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Smart Bombs: Military, Defense and National Security

Putin Has Lost a Staggering 3,000 Tanks in Ukraine

Image Credit: Social Media Screenshot.

The Russian military continues to rely on the antiquated T-62 main battle tanks to fight the war in Ukraine. 

Russian forces continue to take extremely heavy manpower and materiel casualties and resort to unfit conscripts, convicts, and old weapon systems to fight a modern war. 

Russian T-62 Tanks in Ukraine

Recently, British Military Intelligence assessed the Russian military relies increasingly more on antiquated weapon systems, including T-62 tanks, to fight the war in Ukraine. 

First fielded more than 60 decades ago, the T-62 main battle tank was designed as a response to American and British tanks of the early Cold War.

But more than 60 years later, the T-62s find themselves on the frontlines of another war. 

The British Military Intelligence assesses that “there is a realistic possibility” that even elite units, such as the 1st Guards Tank Army, will be outfitted with T-62 main battle tanks “to make up for previous losses.” 

Considered the Russian military’s elite armor unit, the 1st Guards Tank Army suffered heavy losses during the battle for Kyiv and then during the Ukrainian counteroffensive in September. 

The T-62 has a 100mm thick front armor and a 45mm/80mm thick side armor (depending on the spot).

The T-62 is so old that it can only reach speeds of around 30 miles per hour on paved roads and 25 miles per hour on cross country.

In comparison, the Leopard 2 and M1 Abrams tanks that Ukraine will be receiving can hit speeds of more than 40 miles per hour. Speed, especially reverse speed, has proven to be a key factor in armor warfare in Ukraine. 

Since summer 2022, approximately 800 T-62s have been taken from storage, and some have received upgraded sighting systems which will highly likely improve their effectiveness at night,” the British Military Intelligence assessed in its latest estimate of the war.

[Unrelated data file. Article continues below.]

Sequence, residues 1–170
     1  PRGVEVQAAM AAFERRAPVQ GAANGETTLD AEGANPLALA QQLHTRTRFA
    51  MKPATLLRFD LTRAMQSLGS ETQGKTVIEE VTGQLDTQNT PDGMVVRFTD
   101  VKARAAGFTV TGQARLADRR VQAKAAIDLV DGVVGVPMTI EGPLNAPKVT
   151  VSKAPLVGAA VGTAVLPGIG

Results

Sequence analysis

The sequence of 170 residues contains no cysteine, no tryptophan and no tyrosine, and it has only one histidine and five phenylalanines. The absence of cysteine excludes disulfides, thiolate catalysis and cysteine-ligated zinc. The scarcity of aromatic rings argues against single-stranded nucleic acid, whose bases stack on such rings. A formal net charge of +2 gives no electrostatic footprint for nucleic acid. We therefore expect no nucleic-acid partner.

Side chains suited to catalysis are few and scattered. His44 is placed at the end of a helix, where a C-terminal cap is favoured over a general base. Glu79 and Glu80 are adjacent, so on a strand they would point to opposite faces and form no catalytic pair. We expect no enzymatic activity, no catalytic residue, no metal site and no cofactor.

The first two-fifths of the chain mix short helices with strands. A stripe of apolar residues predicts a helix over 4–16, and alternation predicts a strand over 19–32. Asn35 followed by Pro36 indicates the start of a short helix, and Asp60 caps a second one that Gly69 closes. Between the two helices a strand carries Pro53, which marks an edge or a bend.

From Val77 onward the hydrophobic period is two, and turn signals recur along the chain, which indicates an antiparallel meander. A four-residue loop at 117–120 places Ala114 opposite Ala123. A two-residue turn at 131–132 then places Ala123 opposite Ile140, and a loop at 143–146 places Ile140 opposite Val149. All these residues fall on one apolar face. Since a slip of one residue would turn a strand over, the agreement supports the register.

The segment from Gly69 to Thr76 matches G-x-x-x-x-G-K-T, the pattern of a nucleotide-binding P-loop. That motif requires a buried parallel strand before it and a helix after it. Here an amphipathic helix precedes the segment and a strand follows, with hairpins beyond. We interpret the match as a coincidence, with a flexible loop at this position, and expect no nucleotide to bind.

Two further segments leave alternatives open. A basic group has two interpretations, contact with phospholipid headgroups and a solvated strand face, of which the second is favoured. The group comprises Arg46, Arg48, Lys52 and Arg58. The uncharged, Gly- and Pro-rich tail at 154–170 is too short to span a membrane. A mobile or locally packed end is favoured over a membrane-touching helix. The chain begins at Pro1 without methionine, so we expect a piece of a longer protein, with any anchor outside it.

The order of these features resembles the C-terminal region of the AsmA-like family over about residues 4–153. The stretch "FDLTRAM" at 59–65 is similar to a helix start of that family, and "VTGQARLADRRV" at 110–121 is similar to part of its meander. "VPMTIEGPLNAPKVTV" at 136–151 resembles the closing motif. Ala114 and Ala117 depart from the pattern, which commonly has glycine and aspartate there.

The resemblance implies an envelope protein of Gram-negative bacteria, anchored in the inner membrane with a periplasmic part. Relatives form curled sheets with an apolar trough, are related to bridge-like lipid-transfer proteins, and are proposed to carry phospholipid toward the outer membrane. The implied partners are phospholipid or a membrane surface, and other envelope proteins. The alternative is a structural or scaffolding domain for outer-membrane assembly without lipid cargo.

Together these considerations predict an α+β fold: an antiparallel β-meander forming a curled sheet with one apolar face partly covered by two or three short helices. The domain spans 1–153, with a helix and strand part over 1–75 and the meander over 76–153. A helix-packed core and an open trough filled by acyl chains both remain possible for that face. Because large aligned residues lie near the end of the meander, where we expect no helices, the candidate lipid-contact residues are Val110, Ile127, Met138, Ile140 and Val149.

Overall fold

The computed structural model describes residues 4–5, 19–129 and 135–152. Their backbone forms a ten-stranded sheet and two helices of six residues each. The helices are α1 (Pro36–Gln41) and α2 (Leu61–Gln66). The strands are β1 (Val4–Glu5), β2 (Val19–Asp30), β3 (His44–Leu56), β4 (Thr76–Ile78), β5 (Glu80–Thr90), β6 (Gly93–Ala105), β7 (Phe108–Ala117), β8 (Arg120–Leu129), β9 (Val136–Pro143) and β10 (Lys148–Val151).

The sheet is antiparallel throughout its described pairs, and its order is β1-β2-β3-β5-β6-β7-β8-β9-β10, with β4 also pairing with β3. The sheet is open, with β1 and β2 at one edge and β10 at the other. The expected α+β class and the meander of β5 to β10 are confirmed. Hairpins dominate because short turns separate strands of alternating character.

The Russians use of antiquated weapon systems isn’t limited to the T-62 tank.

BTR-50 armored personnel carriers, which were first fielded in the 1950s, have also been spotted in the Russian ranks. 

The Soviet Union produced more than 20,000 T-62 tanks, with a lot of them going into storage after their retirement. Production of the tank ceased in 1973. 

“However, both these vintage vehicle types will present many vulnerabilities on the modern battlefield, including the absence of modern explosive reactive armour,” the British Military Intelligence added. 

Not Enough Modern Tanks 

The Russian military first started taking out the T-62s from the mothball back in May. 

On May 23, the Ukrainian Ministry of Defense shared intelligence that the Russian military was taking T-62 main battle tanks out of storage and shipping them to frontline units. Soon thereafter, videos of trains jam-packed with T-62 tanks snaking their way across Russia surfaced. 

The Russian military has had to resort to using old tanks before of the extremely heavy casualties it has suffered in more than a year of war in Ukraine.

The Ukrainian Ministry of Defense claims that Russia has lost more than 3,000 tanks of all types, while the independent open-source intelligence outlet Oryx has visually verified a little over 1,800 lost Russian tanks. 

Expert Biography: 

A 19FortyFive Defense and National Security Columnist, Stavros Atlamazoglou is a seasoned defense journalist specializing in special operations, a Hellenic Army veteran (national service with the 575th Marine Battalion and Army HQ), and a Johns Hopkins University graduate. He is currently working towards a Master’s Degree in Strategy and Cybersecurity at the Johns Hopkins University’s School of Advanced International Studies (SAIS). His work has been featured in Business InsiderSandboxx, and SOFREP.

1945’s Defense and National Security Columnist, Stavros Atlamazoglou is a seasoned defense journalist with specialized expertise in special operations, a Hellenic Army veteran (national service with the 575th Marine Battalion and Army HQ), and a Johns Hopkins University graduate. His work has been featured in Business Insider, Sandboxx, and SOFREP.